Presentation Authors: Wout Devlies*, Leuven, Belgium, Greet De Coster, Nancy Van Damme, Thierry Roumeguère, Thierry Quakels, Brussels, Belgium, Ben Van Cleynenbreugel, Leuven, Belgium, Peter Dekuyper, Filip Ameye, Ghent, Belgium, Wouter Everaerts, Steven Joniau, Leuven, Belgium
Introduction: Robotic assisted laparoscopic prostatectomy (RALP) is increasingly used as treatment for high-risk prostate cancer (PCa). However, quality of life (QoL) data in this subgroup is lacking. We evaluated the QoL following RALP in high versus low/intermediate risk PCa patients using the Be-RALP database: a large, prospective, multicentre database.
Methods: A total of 9235 patients treated by RALP between 2009 and 2016 were included in the database. The EORTC QLQ-C30 questionnaire were completed on baseline, 1-, 3-, 12- and 24-months post-surgery._x000D_
Two groups, a high and low-intermediate risk group of 2745 patients each were matched 1:1 using age, year of surgery, nerve sparing and centre size as matching criteria. Longitudinal mixed models quantified the relation of the QoL changes from baseline with follow-up time, risk group and postoperative radiotherapy (RT)/androgen deprivation therapy (ADT). All models included the two- and three-way interactions of time, risk and postoperative treatment). Backward selection was used to remove nonsignificant interaction terms (Î± = 0.01). Covariates (table 1) corrected for case-mix variation.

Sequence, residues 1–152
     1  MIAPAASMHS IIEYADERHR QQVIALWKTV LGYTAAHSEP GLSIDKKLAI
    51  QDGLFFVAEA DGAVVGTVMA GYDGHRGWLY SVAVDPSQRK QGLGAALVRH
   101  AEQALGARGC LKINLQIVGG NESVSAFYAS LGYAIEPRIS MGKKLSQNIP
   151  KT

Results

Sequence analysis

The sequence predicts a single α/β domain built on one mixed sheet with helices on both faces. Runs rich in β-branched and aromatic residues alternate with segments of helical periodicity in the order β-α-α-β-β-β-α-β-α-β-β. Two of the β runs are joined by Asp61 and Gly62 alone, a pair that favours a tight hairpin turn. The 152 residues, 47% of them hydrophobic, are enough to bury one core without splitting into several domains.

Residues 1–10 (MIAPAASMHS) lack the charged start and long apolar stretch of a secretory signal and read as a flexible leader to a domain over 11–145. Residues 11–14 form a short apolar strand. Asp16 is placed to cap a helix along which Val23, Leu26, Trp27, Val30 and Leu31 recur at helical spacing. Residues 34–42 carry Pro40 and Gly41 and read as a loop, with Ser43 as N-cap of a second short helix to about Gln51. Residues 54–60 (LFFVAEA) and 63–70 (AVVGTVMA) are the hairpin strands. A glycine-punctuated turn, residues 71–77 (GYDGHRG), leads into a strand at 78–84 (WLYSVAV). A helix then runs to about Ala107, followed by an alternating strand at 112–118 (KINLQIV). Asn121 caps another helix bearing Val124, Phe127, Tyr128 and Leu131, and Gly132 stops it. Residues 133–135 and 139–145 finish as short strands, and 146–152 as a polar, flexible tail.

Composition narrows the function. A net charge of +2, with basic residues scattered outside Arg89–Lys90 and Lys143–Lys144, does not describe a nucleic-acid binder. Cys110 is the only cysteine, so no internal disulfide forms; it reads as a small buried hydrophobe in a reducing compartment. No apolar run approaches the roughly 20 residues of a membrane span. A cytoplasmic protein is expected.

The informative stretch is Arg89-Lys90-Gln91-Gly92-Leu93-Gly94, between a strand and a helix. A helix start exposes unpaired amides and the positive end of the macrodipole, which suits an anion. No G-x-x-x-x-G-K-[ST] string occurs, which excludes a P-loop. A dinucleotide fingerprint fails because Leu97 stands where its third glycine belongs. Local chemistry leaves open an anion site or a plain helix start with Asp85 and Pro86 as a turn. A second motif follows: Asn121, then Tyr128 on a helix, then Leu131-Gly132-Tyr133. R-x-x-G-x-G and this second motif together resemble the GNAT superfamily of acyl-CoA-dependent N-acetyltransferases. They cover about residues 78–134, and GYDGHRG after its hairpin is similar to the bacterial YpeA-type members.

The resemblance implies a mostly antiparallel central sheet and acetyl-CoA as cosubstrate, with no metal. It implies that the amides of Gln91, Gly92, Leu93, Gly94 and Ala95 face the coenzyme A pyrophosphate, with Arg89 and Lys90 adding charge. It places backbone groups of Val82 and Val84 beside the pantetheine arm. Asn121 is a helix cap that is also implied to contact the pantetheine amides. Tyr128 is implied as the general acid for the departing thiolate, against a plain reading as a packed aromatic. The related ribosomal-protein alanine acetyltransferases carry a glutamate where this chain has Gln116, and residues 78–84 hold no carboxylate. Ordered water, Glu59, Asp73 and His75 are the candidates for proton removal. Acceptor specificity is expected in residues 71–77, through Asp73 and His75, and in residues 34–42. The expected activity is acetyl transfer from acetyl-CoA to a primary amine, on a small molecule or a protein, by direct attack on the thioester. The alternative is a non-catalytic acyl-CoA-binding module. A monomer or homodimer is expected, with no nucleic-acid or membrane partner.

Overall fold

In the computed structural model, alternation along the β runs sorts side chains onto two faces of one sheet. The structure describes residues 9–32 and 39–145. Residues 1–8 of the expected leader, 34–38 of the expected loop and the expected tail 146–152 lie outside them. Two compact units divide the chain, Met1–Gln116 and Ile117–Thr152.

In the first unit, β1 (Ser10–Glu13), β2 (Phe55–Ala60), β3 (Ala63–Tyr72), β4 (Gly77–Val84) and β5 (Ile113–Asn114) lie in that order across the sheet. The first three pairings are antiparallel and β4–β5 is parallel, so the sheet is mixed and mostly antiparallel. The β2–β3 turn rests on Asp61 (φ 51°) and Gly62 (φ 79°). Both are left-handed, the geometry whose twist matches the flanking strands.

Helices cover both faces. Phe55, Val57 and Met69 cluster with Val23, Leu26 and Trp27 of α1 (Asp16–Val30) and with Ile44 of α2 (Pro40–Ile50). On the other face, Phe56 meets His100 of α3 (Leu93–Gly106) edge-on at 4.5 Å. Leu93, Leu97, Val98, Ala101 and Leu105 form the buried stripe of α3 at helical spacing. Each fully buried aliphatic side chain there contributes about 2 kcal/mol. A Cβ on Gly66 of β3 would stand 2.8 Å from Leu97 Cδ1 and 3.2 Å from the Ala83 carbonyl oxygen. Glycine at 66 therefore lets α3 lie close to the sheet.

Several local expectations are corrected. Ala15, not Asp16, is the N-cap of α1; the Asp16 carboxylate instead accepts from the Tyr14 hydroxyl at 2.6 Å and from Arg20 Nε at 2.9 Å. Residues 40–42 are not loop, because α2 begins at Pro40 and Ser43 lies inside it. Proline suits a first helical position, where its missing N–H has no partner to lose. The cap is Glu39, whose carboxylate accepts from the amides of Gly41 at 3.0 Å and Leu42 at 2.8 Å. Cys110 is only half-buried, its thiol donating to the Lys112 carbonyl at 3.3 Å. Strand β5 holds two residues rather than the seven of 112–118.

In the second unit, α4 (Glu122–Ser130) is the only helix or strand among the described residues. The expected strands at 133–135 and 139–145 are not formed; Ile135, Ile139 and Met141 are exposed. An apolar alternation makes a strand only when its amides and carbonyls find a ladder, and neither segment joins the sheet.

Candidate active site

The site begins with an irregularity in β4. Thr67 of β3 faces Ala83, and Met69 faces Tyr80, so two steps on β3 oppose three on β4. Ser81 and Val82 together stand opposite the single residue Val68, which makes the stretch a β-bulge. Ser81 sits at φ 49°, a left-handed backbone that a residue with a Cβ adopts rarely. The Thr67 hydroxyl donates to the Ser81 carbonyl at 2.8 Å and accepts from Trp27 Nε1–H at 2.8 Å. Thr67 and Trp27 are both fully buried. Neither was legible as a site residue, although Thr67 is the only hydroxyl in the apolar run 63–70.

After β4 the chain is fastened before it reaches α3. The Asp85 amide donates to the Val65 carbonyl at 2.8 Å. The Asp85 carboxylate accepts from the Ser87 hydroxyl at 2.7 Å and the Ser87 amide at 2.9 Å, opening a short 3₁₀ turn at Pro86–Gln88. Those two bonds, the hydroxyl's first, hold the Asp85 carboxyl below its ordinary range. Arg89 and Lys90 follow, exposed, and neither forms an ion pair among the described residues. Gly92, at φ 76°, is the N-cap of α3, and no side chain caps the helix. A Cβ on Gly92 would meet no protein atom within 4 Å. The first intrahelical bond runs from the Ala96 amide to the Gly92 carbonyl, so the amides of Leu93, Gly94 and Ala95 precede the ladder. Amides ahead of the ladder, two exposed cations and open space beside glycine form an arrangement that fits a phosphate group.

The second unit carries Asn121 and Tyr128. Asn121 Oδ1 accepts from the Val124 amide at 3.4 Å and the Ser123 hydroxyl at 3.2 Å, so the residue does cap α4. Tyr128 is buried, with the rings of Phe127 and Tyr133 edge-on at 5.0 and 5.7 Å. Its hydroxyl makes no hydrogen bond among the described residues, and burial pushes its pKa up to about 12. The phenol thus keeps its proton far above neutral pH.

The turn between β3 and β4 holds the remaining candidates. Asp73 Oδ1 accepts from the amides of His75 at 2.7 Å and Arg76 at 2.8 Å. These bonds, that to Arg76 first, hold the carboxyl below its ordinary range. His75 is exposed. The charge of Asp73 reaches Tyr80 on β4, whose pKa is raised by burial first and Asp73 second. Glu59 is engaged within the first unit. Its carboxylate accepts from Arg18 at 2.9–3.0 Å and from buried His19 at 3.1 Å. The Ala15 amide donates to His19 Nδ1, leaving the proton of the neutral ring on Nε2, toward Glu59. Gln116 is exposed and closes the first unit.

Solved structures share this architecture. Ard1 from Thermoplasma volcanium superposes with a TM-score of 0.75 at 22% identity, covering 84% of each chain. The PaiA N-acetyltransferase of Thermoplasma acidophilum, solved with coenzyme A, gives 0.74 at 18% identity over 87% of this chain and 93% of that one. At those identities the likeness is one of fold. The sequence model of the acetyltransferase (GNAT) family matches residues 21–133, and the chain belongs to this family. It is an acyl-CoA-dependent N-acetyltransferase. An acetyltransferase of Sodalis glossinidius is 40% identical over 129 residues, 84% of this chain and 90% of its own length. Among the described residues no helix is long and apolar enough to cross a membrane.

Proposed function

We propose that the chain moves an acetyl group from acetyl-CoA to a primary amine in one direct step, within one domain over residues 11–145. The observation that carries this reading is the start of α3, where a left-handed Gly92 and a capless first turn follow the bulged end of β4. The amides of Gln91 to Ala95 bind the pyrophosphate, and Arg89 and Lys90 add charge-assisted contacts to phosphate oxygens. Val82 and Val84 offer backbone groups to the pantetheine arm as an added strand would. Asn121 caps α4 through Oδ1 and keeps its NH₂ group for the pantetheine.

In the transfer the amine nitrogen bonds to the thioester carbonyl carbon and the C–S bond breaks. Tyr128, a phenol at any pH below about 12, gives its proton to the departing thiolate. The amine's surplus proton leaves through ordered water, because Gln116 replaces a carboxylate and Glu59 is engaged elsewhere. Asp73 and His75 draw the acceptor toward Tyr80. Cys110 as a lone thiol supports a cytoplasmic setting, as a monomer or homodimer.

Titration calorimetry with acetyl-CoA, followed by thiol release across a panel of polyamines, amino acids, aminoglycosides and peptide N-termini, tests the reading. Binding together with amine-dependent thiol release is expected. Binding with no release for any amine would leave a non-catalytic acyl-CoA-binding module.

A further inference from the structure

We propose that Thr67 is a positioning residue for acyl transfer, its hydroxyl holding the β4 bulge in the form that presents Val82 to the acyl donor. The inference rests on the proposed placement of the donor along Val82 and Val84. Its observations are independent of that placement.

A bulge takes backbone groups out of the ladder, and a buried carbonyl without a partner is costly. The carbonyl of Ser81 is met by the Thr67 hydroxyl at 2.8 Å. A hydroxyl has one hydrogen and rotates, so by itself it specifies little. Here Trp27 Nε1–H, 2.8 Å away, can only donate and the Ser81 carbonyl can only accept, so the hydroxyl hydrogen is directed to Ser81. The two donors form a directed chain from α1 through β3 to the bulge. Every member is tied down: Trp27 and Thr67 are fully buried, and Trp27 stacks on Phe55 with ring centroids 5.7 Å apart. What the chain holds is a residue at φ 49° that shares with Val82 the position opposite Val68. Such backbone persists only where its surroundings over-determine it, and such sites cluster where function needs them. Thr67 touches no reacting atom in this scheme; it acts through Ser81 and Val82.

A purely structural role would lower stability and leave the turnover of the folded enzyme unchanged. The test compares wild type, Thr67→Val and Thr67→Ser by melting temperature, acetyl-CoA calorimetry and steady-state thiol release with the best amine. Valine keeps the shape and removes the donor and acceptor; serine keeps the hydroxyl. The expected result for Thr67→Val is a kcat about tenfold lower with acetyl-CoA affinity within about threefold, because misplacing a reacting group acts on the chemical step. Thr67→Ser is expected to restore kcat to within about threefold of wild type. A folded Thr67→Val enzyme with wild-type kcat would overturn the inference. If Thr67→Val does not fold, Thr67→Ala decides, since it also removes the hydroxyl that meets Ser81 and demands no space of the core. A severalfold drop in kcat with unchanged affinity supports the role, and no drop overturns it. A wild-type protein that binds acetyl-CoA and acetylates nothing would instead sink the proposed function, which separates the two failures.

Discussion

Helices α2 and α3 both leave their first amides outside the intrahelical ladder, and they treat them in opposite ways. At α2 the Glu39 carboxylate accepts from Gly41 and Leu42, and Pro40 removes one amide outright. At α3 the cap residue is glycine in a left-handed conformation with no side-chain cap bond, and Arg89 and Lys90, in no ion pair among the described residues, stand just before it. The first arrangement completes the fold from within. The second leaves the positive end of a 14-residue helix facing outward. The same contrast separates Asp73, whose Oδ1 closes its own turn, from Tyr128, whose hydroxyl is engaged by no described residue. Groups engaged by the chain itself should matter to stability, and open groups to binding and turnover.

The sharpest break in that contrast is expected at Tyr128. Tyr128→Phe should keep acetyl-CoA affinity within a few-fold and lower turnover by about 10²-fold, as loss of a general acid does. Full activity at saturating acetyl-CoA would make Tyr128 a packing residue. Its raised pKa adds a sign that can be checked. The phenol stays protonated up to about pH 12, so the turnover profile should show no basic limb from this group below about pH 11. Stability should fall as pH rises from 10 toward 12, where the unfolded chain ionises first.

Results: Risk was not a significant predictor of QoL (all p>0.07). QoL changed over time and was related to hospital size (all p < 0.003). In global, physical and cognitive QoL, surgery year was a significant predictor (all p < 0.003).Postoperative treatment was not significant in predicting QoL after surgery (all p>0.04)
Conclusions: Risk group fails to predict quality of life after RALP. Longitudinal figures curves and modelling were risk independent. (Figure 1)Hospital size was the strongest covariate with better QoL in higher volume centres (all p < 0.0001).Longitudinal graphs present a negative effect of postoperative treatment on QoL. This trend is not significant in the mixed effect modelling (p>0.04).
Source of Funding: De Wever foundation - Prostate cancer